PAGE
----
2. A perceived lack of quality control - creating an environment in which individuals were able to enter the industry with relative ease and broker deals for large sums of money, sometimes at the perceived expense of professional ethics.

3. An inability to impose appropriate sanctions - at an international level such as fines, suspensions and termination of agent registrations thereby perpetuating unethical and unfair practices.

"Therefore FIFA has been trying to reform since 2017. The board established The Footballer's Stakeholders Committee (FSC) which included confederations, member associations, FIFPRO, the European Club Association, the World Leagues Forum and other stakeholders of professional football. The idea was to implement various changes to the football transfer system in a phased manner," as reported by Law in Sport.

In 2019 FIFA then announced its intentions to re-regulate and license football agents so as to counter the problems mentioned above. Since then, the FIFA council only approved FFAR on the 16th of December 2022, completing a full circle of regulation, deregulation and re-regulation of football agents, internationally.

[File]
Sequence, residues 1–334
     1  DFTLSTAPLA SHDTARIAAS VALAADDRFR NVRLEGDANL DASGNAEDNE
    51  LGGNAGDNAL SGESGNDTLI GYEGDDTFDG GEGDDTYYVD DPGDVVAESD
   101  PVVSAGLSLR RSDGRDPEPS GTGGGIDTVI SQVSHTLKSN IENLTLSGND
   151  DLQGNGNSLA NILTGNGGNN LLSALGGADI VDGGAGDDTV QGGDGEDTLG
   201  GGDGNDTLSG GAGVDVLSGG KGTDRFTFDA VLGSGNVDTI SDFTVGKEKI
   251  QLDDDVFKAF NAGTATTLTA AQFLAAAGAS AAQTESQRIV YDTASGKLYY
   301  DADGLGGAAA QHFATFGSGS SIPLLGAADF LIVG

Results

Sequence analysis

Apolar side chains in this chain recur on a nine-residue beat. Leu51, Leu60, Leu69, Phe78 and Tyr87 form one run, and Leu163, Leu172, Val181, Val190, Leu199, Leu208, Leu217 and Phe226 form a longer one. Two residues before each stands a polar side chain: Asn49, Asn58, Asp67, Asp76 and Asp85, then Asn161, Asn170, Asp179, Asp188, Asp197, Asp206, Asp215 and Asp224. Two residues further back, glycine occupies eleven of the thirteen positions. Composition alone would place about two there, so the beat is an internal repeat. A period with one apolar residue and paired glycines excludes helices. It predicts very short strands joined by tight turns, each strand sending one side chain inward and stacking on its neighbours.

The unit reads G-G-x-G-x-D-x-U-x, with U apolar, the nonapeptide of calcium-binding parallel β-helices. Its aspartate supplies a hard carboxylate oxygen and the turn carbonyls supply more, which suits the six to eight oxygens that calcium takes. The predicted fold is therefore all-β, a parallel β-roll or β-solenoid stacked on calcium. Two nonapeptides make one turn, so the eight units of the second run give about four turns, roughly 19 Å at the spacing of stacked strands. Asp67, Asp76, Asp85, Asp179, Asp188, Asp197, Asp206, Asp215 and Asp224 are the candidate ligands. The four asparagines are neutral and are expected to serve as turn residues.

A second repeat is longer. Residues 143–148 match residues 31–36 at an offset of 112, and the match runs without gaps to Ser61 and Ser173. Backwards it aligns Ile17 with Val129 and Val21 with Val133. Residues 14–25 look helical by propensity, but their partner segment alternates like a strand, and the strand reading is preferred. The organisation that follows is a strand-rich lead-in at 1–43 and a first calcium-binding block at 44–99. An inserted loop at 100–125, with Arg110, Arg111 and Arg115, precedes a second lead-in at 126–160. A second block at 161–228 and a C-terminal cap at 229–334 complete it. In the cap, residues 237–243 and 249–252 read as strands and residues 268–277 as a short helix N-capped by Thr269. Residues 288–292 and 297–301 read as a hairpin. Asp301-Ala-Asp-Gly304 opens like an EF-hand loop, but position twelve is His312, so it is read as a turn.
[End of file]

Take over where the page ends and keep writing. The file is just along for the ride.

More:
Article 1.2 of the FFAR sets out FIFA'S objectives behind regulating football agents and these are as follows;

a. raising and setting minimum professional and ethical standards for the occupation of Football Agents

b. ensuring the quality of service provided by Football Agents to clients at fair and reasonable service fees.

c. limiting conflicts of interest to protect clients from unethical conduct.

d. improving financial and administrative transparency.

e. protecting players who lack experience or information relating to the football transfer system.

f. enhancing contractual stability between players, coaches and clubs

g. preventing abusive, excessive and speculative practices.

Processes for obtaining a licence have since taken effect as of 9 January 2023 and then as for the processes which relate to acting as a football agent, and the obligations of football agents and their clients they will commence on the 1st of October 2023.

Source - Byo24News